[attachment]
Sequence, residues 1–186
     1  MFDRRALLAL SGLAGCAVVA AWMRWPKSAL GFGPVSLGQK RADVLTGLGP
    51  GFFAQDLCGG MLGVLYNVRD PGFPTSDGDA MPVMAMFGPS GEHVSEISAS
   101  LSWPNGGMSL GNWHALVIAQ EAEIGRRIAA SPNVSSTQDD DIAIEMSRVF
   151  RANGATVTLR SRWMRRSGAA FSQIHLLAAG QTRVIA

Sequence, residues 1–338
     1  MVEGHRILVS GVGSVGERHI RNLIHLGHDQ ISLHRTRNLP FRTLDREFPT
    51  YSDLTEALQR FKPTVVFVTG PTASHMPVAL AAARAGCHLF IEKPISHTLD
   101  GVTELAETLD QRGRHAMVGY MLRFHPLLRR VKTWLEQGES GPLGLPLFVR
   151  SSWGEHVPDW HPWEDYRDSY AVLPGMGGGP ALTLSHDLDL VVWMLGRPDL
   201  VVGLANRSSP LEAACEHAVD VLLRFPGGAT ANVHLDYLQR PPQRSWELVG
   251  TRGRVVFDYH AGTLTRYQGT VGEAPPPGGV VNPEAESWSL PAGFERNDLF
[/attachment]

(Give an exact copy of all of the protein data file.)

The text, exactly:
Sequence, residues 1–186
     1  MFDRRALLAL SGLAGCAVVA AWMRWPKSAL GFGPVSLGQK RADVLTGLGP
    51  GFFAQDLCGG MLGVLYNVRD PGFPTSDGDA MPVMAMFGPS GEHVSEISAS
   101  LSWPNGGMSL GNWHALVIAQ EAEIGRRIAA SPNVSSTQDD DIAIEMSRVF
   151  RANGATVTLR SRWMRRSGAA FSQIHLLAAG QTRVIA

Sequence, residues 1–338
     1  MVEGHRILVS GVGSVGERHI RNLIHLGHDQ ISLHRTRNLP FRTLDREFPT
    51  YSDLTEALQR FKPTVVFVTG PTASHMPVAL AAARAGCHLF IEKPISHTLD
   101  GVTELAETLD QRGRHAMVGY MLRFHPLLRR VKTWLEQGES GPLGLPLFVR
   151  SSWGEHVPDW HPWEDYRDSY AVLPGMGGGP ALTLSHDLDL VVWMLGRPDL
   201  VVGLANRSSP LEAACEHAVD VLLRFPGGAT ANVHLDYLQR PPQRSWELVG
   251  TRGRVVFDYH AGTLTRYQGT VGEAPPPGGV VNPEAESWSL PAGFERNDLF